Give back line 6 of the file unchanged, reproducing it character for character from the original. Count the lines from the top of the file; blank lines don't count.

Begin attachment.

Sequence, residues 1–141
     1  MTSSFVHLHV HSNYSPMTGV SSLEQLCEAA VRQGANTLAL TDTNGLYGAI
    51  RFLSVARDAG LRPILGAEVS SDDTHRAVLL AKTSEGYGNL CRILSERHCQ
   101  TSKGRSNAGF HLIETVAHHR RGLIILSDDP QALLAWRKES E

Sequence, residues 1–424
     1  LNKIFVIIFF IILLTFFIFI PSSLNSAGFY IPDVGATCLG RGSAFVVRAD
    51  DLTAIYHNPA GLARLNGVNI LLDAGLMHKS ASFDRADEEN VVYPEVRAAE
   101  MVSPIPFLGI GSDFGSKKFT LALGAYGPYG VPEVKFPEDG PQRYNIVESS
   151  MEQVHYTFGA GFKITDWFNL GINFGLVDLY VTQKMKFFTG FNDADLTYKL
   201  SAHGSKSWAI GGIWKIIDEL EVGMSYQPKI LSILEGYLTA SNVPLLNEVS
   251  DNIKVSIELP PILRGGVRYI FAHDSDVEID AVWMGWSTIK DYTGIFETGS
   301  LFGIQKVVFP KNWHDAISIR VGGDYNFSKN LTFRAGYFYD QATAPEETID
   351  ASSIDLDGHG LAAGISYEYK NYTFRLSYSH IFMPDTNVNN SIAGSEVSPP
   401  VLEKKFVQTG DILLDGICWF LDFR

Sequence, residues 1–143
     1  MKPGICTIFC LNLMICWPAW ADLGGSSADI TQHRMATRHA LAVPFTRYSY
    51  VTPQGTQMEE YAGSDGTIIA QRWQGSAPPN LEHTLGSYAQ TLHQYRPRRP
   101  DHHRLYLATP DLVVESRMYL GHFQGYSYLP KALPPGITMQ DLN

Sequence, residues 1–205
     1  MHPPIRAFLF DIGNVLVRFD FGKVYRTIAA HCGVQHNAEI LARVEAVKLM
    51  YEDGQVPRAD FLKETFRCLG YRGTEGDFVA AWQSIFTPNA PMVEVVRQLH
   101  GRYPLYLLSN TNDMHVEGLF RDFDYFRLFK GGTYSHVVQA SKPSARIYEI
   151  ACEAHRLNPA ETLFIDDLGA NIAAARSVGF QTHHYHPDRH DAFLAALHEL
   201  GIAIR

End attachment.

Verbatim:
     1  LNKIFVIIFF IILLTFFIFI PSSLNSAGFY IPDVGATCLG RGSAFVVRAD